The planets will be 6' apart on Monday, 12/21. That fits nicely in my 15' FOV. But after dusk they will be below my horizon. :(
But what about daylight observing?
I have a CMOS camera (on a 12" f5.6 system) and using SharpCap software can run it at 12fps. I tried it out earlier this week; I posted the session on youtube: https://www.youtube.com/watch?v=4A6PhHtoZ_A&feature=youtu.be
It worked! We even convinced our selves that we could see Jupiter's moons. It was helpful to have an orrerey availiable like https://shallowsky.com/jupiter/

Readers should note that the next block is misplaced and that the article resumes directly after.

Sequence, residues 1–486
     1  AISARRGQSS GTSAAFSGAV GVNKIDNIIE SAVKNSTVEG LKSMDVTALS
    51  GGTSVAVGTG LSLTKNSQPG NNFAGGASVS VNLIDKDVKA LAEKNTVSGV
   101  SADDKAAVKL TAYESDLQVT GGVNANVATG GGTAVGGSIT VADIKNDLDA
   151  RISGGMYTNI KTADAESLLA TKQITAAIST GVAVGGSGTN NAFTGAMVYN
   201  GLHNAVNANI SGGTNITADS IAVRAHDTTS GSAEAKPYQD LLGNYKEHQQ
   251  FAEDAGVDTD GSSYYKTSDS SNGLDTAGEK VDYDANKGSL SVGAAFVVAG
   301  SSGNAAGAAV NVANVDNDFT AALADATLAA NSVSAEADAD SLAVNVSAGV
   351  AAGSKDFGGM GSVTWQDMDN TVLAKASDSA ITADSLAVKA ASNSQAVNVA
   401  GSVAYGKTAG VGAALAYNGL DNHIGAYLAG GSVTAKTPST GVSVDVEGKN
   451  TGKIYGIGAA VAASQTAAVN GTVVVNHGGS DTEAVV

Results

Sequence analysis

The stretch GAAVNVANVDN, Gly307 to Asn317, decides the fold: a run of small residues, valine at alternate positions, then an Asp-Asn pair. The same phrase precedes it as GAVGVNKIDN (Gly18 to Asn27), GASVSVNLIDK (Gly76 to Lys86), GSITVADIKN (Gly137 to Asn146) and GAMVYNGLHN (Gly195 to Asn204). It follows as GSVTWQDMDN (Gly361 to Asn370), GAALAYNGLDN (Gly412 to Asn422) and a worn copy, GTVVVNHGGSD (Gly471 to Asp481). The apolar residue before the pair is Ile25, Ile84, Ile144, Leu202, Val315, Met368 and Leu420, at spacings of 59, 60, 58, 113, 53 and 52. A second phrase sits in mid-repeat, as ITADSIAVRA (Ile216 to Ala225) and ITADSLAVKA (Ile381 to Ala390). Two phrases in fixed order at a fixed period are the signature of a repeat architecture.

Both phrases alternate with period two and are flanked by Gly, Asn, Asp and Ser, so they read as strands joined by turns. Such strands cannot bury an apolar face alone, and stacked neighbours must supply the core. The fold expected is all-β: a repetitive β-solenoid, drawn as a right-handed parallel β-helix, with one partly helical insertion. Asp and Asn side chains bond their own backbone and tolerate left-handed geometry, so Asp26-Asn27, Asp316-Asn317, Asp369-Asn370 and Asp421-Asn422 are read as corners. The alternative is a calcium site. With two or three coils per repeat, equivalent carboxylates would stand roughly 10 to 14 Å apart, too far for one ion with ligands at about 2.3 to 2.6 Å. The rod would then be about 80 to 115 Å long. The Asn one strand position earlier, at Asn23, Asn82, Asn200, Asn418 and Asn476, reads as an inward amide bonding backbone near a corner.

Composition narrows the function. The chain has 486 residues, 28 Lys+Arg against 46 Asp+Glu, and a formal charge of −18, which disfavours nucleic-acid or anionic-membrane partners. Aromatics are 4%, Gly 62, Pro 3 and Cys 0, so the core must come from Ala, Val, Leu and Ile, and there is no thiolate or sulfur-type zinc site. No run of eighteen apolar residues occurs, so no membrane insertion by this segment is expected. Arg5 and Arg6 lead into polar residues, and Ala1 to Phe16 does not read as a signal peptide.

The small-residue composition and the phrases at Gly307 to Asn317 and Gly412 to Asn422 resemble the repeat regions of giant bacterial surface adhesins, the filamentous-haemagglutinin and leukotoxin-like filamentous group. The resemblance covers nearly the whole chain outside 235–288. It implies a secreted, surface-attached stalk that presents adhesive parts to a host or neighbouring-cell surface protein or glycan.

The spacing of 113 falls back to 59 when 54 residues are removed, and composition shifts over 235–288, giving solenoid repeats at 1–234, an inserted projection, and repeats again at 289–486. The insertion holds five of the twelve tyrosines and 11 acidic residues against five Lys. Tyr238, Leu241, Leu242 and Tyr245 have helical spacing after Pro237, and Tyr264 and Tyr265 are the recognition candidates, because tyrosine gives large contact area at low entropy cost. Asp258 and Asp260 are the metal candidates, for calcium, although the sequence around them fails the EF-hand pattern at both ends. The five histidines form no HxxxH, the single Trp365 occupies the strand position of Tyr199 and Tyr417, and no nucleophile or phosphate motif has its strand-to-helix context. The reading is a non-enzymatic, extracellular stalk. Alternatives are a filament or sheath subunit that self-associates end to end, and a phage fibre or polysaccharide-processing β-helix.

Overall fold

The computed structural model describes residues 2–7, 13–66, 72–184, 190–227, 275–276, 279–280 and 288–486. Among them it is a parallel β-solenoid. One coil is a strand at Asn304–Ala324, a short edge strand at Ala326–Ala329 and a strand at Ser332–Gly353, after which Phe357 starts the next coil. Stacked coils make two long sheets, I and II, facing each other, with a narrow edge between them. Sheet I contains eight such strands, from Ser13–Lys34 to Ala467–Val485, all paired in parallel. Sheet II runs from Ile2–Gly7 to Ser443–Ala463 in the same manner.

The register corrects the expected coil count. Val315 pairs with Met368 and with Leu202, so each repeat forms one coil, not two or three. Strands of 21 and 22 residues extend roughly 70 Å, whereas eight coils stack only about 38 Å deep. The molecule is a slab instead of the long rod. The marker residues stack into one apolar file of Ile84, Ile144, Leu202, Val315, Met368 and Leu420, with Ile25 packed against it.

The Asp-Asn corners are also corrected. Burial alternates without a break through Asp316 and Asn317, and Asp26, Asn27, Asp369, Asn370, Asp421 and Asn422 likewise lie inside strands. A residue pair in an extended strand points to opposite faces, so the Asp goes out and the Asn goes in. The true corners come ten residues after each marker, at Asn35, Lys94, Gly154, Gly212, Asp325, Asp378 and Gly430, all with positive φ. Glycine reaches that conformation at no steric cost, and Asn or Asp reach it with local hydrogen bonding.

So next chance get out there and sort out the details so you can be ready on Monday.
- Be CAREFUL: The sun is a eye and camera killer.
Cover your guide scopes. Don't uncover your main tube until you are sure you are not looking at the sun
- You are going to need a scope that wakes up knowing precisely where it is pointing. There are no guide stars to help you find the target. My scope is pretty good, but still I needed to do some hunting around to find Jupiter
- Make sure your focus is set. This low contrast target is difficult enough. After your last night observing get it set on your filter of choice and leave it focused. I had luck using an I filter to beat down the blue signal from the sky.
- Do this in a zoom session so you can invite your friends and family. What a great Christmas Gift!